When Katie Rose was born she weighed less than two pounds. She’s still small for her age, and likes to fit in small spaces like the bathroom towel storage shown in the photo. Proving that size isn’t everything.
The biology of fatherhood isn’t everything, either. I occassionally joke around with Phyllis about our kids—“What did I have to do with them?” Being a DNA provider is often a brief matter and hopefully enjoyable. I keep in mind the Shakespearean conceit that if the parents had a good time conceiving, the child is likely to be of happier disposition. In King Lear the villainous Edmund therefore describes the “lusty stealth of nature” as providing more “composition and fierce quality” than a “dull, tired, stale bed.”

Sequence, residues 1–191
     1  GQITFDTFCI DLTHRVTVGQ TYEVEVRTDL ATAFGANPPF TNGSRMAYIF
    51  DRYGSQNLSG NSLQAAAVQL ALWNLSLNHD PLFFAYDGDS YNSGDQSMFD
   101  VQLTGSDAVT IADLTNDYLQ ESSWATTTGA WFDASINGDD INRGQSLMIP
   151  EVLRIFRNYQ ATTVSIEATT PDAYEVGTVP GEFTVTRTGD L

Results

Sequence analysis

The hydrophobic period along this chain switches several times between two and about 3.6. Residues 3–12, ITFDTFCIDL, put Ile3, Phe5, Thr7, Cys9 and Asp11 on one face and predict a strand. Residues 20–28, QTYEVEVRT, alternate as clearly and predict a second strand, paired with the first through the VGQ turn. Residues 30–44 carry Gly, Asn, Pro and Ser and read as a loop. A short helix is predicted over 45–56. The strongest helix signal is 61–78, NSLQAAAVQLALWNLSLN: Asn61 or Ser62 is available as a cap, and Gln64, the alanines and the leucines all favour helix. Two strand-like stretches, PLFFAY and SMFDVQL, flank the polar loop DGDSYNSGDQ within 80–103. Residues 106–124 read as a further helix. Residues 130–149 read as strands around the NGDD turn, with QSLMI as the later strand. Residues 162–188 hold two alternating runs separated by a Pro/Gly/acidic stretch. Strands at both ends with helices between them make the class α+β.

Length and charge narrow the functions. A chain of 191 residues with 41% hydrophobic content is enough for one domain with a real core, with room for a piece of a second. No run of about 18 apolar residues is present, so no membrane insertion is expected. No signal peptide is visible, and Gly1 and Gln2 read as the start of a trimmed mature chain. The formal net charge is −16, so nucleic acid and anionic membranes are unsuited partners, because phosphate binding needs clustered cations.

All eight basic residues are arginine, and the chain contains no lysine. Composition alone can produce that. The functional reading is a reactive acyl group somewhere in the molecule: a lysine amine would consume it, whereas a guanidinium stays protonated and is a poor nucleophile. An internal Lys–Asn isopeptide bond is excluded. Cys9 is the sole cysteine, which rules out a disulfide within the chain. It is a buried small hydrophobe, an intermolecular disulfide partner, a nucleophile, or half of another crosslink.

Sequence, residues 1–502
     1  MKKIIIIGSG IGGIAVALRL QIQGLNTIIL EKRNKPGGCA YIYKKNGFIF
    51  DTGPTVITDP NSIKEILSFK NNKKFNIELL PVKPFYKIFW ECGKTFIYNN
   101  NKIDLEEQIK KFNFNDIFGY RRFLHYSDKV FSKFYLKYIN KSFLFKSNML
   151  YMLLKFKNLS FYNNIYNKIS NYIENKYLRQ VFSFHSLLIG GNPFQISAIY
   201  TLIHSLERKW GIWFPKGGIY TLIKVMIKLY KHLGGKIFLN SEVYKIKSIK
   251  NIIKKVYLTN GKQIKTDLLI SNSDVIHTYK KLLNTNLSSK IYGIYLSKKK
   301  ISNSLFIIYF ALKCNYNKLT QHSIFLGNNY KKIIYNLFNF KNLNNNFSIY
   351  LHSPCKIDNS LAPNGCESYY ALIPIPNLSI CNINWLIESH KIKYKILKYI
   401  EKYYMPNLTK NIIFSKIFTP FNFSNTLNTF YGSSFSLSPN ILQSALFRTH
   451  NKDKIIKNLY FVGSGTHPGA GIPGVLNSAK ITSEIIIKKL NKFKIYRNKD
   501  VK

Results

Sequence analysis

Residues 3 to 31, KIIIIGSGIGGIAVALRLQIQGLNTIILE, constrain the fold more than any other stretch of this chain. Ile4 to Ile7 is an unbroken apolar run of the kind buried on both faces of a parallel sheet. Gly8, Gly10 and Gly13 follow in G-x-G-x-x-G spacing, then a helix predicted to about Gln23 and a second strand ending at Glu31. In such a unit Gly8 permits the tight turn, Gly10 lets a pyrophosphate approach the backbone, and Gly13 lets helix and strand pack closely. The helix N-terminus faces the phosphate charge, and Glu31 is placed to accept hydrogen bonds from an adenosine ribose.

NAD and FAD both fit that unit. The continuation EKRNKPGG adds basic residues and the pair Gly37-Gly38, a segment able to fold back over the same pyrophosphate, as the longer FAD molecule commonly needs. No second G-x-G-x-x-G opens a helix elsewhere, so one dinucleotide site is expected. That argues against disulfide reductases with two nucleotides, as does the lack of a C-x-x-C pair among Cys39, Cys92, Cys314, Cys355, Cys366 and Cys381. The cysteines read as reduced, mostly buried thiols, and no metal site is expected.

My point is that Phyllis did the tough work of pregnancy, and does a great deal of the grunt-and-scut work of day-to-day parenting around the house.
Fatherhood is more volitional. There are men who are great father figures to kids with whom they have no biological connection and—the opposite side of the coin—biological fathers who completely abandon their kids.
True fatherhood is a state of mind. Personally, I love being a father. It is the toughest job in the world—or second toughest after being a mother—and also the most rewarding!